Please join Linda Lee Graham as she tours the blogosphere for the release of Voices of Echo, from November 3 - 28!
Publication Date: June 16, 2014
Repository Press, LLC
eBook; 570 pages
Series: Voices Series
Genre: Romantic Historical Suspense
The third book in the VOICES series, VOICES ECHO stands alone as a riveting depiction of both the beauty of 18th-century Jamaica and the horrors of plantation life in the British West Indies.
When Albert Ross sailed to Jamaica months after their wedding, Rhiannon Ross believed he’d abandoned her for the sanctuary of his West Indies plantation and complacent mulatta mistress. Not one to live life in limbo, Rhiannon has followed in a bid to secure the funds necessary to ensure her financial independence and position as his lawful wife, and to quell her growing attraction to her unsuitable American advisor, Liam Brock.
Determined to put the enticing Mrs. Ross out of his mind, Liam Brock accepts an assignment to escort a young heiress to her father’s Jamaican estate. Convinced his and Rhiannon’s ships have crossed paths, he is stunned to learn Rhiannon is still with her husband, and shocked when he finds her isolated and frightened–a shell of the vibrant woman who still fills his dreams. He begins to suspect that beneath the exotic beauty of an island teeming with vitality, there beats a sinister pulse.
As evidence of smuggling and dark magic are uncovered, Rhiannon realizes that not only is her plantation in danger, but the lives of those she holds dearest are at stake. Though she struggles to hide her feelings for Liam, she cannot bear the thought of him coming to harm because of her. As greed on the island evolves into violence and violence into murder, Liam and Rhiannon find themselves in the midst of a deadly intrigue. Both must decide how far they will go in the name of protecting the other, and how much they will sacrifice to attain a future neither thought possible.
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Torchlight flickered over the silent dark faces of those gathered in the graveyard, and Rhiannon drew in a long, ragged breath, catching the scent of freshly turned dirt. Sliding from her horse, she clutched her amulet and crossed to the open grave. Craning forward, she watched Maisie sprinkle something over the coffin and suddenly recalled Quaminah’s words, surprised to find she no longer found them foolish: “Them didn’t plant his duppy down, missus . . . that’s why him plague you so.” Perhaps, but he’d plague her no longer. With a few whispered words, Rhiannon persuaded Maisie to hand her the shovel. Ignoring the surprised murmur that rustled amongst the slaves, she rammed it into the piled dirt. Her movements clumsy, three-quarters of her load spilled before she tilted it over the grave. A clap of laughter broke off as abruptly as it’d begun. Her belly now lodged in her chest, Rhiannon swallowed. Swiping her palms down her nightclothes and soiling her white wrap, she shoved her braid over her shoulder, gripped the shovel, and tried again. This was her battle, and she’d be the one to end it.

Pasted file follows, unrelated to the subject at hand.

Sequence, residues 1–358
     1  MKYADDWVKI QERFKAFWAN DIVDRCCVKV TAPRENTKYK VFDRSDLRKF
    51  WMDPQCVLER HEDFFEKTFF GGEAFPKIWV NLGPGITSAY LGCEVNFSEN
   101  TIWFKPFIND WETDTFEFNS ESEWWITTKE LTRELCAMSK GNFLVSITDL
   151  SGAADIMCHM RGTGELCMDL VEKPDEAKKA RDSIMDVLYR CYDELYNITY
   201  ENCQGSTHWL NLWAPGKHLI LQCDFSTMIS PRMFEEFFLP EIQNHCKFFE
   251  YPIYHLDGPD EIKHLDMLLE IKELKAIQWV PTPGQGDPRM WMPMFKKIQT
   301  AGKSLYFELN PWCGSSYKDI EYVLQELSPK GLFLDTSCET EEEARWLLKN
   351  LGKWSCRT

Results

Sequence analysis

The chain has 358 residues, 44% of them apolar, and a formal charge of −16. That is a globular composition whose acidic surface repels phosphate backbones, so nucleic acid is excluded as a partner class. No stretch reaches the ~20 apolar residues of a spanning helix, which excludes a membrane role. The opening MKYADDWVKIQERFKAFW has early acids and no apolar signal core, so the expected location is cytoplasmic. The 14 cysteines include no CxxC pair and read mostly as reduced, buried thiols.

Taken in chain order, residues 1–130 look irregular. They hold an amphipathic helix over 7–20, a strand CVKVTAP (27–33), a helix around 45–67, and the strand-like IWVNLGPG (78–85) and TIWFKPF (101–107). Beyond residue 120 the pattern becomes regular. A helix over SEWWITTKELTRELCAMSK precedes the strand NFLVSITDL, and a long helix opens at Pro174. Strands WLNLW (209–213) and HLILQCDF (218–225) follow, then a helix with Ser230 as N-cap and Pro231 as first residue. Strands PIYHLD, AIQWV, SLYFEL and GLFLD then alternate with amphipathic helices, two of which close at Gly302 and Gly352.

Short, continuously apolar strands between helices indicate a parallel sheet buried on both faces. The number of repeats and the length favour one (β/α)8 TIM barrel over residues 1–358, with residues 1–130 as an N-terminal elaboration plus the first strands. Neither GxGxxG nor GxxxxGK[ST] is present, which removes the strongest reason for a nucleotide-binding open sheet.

In Voices Echo, an undercurrent of duppies and obeah black magic undermine Rhiannon Ross’ confidence when she joins her elderly husband in 18th-century Jamaica, causing the twenty-year old heroine to lose her fearless edge. Jamaica abounds with tales of the duppy. The African word takes on two meanings in Jamaican spirit lore. The first, the subject of this post, refers to a soul, which may manifest in either human form or animal form. The second has evolved from the first type and is a sort of supernatural race of mischievous little people not associated with the dead—a duppy-folk akin to fairy-folk. Jamaican folklore presupposes a person has two souls. One is good, originating with God, the other is secular. When someone dies, the good soul soars to heaven to answer for earthly sins. The other remains coffin-bound for three days, after which its shadow emerges, and its duppy is born. If the duppy manifests in human form, it will often resemble the body it abandoned. If animalistic, it can appear in the guise of a snake, a lizard, a horse, you name it—but not, I think, a lamb or a donkey. These manifestations aren’t ghostly apparitions or demonic possessions in the European sense; they have substance. Even so, a duppy can disappear into the shadows at will.